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Simon HOLT (b. 1958)
Tauromaquia (1985) [12:18]
a book of colours (1988/93) [21:24]
Black Lanterns (1984, rev. 2004) [8:10]
Klop’s Last Bite (2004) [10:22]
Nigredo (1994, rev. 2004) [16:18]
Rolf Hind (piano)
rec. Potton Hall, Suffolk, 27-28 July 2008
NMC D128 [69:17]
Experience Classicsonline

Although he may be best known for his orchestral music and his works for ensemble, Simon Holt also composed piano music and still does. This is not that surprising since he is a pianist. The present release is devoted to piano works composed between 1984 and 2004, thus encompassing some twenty years of his composing career. In the meantime, Holt has composed yet another piano work, a book of shadow (2005) that has been omitted from this disc.

Holt’s works very often bear an evocative title that sheds some light on the music’s content or on some subliminal idea that triggered the composition. His music, however, is neither descriptive nor programmatic. Thus Tauromaquia has been inspired by Goya’s series of studies of the same name depicting bullfighting and particularly one portraying the death of a celebrated bullfighter José Delgado. The music, appropriately enough, alternates energetic sections to be played “with great bravura and at all times a knife-edge intensity and power”. The piece ends with a cortège for the bullfighter Delgado.

The five movements that make up a book of colours were composed between 1988 and 1993. The starting point was Duendecitos (1988) composed as a short 80th birthday tribute to Sir William Glock. Holt then decided to add further pieces to make a set of pieces that might - to some extent - be compared to or suggest some of Debussy’s Preludes in that their evocative titles clearly hints at some features of the music. The rather black humour of Duendecitos - again inspired by an etching by Goya showing a group of lecherous, dwarfish monks - starkly contrasts with the delicately chiselled Figurine that follows. A shapeless flame and Some distant chimes - both composed in 1992 - form a contrasted diptych. The final movement The thing that makes ashes (a euphemism used by certain African tribe to describe fire) is some sort of summing-up of the entire cycle.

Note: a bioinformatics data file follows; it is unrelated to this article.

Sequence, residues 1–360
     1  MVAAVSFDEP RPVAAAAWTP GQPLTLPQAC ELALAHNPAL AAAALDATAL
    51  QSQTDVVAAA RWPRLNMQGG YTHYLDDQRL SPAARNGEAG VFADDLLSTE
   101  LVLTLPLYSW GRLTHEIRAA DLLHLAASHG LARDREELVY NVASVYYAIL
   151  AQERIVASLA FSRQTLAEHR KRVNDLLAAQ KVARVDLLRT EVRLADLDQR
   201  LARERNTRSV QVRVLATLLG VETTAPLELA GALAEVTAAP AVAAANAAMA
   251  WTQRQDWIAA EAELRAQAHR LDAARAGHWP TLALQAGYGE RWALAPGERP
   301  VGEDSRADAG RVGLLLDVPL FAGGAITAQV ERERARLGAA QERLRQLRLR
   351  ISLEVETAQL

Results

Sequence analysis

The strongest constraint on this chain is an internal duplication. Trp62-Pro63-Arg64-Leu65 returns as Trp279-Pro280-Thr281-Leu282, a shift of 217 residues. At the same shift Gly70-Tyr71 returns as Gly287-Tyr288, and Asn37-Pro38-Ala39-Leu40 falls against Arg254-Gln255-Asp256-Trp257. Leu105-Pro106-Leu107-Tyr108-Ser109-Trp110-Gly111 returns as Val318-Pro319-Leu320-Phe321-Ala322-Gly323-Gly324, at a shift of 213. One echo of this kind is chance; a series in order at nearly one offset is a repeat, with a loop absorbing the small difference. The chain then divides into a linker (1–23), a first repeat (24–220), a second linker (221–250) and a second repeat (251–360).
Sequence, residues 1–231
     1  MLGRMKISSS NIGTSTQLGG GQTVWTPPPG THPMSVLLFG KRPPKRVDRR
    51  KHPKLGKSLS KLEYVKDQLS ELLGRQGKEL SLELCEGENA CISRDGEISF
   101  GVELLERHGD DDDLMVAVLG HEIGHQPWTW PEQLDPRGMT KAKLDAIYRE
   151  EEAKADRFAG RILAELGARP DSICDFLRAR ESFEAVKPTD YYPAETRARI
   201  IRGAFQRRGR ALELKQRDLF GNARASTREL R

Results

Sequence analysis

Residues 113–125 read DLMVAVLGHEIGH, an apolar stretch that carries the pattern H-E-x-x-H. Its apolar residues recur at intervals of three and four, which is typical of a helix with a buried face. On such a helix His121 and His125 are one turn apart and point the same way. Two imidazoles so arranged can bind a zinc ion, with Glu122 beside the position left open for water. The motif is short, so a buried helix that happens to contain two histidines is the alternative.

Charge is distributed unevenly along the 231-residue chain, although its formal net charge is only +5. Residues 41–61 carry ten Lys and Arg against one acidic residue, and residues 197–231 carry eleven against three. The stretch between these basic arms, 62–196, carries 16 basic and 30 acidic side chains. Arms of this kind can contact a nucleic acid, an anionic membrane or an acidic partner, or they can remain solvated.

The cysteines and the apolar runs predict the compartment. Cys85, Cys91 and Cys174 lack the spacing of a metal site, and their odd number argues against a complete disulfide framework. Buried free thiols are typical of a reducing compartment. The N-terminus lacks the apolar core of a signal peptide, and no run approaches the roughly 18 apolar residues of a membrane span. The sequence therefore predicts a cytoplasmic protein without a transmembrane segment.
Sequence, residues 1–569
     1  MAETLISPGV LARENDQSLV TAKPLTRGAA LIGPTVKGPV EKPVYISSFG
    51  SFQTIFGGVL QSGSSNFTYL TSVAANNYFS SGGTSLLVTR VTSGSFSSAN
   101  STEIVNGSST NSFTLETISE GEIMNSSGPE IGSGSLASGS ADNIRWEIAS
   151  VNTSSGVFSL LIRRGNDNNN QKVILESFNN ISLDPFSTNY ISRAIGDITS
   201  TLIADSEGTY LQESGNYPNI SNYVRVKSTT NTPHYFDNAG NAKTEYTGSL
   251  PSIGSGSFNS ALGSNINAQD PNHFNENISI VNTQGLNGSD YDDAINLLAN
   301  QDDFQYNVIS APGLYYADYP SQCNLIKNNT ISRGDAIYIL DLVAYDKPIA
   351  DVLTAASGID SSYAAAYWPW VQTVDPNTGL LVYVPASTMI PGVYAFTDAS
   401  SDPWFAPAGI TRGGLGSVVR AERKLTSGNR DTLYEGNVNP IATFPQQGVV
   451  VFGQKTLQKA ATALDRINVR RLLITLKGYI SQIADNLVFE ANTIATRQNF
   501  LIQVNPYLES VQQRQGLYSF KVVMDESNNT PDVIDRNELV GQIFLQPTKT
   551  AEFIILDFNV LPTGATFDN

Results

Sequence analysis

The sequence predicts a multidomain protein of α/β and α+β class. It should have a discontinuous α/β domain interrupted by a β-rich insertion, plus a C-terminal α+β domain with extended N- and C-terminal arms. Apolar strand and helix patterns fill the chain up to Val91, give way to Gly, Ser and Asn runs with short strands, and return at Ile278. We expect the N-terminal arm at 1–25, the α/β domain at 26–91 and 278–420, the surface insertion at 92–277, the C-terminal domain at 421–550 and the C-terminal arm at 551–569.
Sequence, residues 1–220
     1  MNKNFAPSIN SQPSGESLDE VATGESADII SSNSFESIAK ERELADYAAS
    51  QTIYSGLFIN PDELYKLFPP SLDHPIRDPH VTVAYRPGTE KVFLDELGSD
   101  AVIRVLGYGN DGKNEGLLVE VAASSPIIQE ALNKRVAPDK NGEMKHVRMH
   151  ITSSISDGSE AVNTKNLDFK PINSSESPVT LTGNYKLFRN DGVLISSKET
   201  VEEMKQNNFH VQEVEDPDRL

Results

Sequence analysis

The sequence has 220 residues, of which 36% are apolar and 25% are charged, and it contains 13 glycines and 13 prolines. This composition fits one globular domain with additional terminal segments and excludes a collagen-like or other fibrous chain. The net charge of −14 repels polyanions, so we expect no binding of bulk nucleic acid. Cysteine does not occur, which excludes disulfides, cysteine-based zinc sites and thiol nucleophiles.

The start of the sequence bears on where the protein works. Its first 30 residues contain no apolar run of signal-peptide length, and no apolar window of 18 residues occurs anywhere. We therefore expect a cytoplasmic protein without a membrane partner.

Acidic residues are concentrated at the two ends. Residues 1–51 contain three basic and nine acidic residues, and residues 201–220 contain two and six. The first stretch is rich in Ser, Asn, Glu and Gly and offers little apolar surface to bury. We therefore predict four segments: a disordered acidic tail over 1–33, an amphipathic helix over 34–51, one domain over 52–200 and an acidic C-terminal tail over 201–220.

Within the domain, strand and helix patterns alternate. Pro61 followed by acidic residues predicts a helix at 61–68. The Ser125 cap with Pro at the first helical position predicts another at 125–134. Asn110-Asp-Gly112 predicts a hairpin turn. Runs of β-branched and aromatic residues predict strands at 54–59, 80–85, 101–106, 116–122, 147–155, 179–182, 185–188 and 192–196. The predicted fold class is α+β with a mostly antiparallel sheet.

An ‘insect snuff movie’ as the composer describes it Klop’s Last Bite is in ten epigrammatic movements that trace out an action-packed scenario - “a battle between a bed bug called Klop and a mad, marauding flea, which all ends rather tragically”. The most remarkable thing about this fine piece is the way with which a maximum is achieved with a minimum of means, the mark of a true master.

Though not conceived as such, Black Lanterns composed in 1984 as a 50th birthday tribute to Harrison Birtwistle and Nigredo composed in 1994 as a 60th birthday tribute to Peter Maxwell Davies might also be regarded as a pair for “each starts out from an obsessive fascination with an oscillating semitone before venturing into far more bravura territory”. These pieces as well as the other recorded here are quite virtuosic but also require a good deal of musicianship, and needless to say that Rolf Hind possesses both technique and musicianship in plenty.

Holt’s music may be complex - at least from the performer’s standpoint - but never extravagantly so; and his piano music makes its full impact without ever resorting to any of the all-too-often used ‘gimmicks’ of contemporary writing for piano. This is beautiful music superbly and most idiomatically written for the instrument that generously repays repeated hearings.

I must also mention that while preparing this review I unashamedly plundered Andrew Clements’s well-informed insert notes.

Holt’s music has been rather well-served by NMC so far since this disc is their third release devoted to his music. Now they owe us another disc (or more) with some of his orchestral music.

The present release confirms Holt’s status as one of the most endearing composers of his generation. This magnificent release will undoubtedly be on my list of Recordings of the Year.

Hubert Culot



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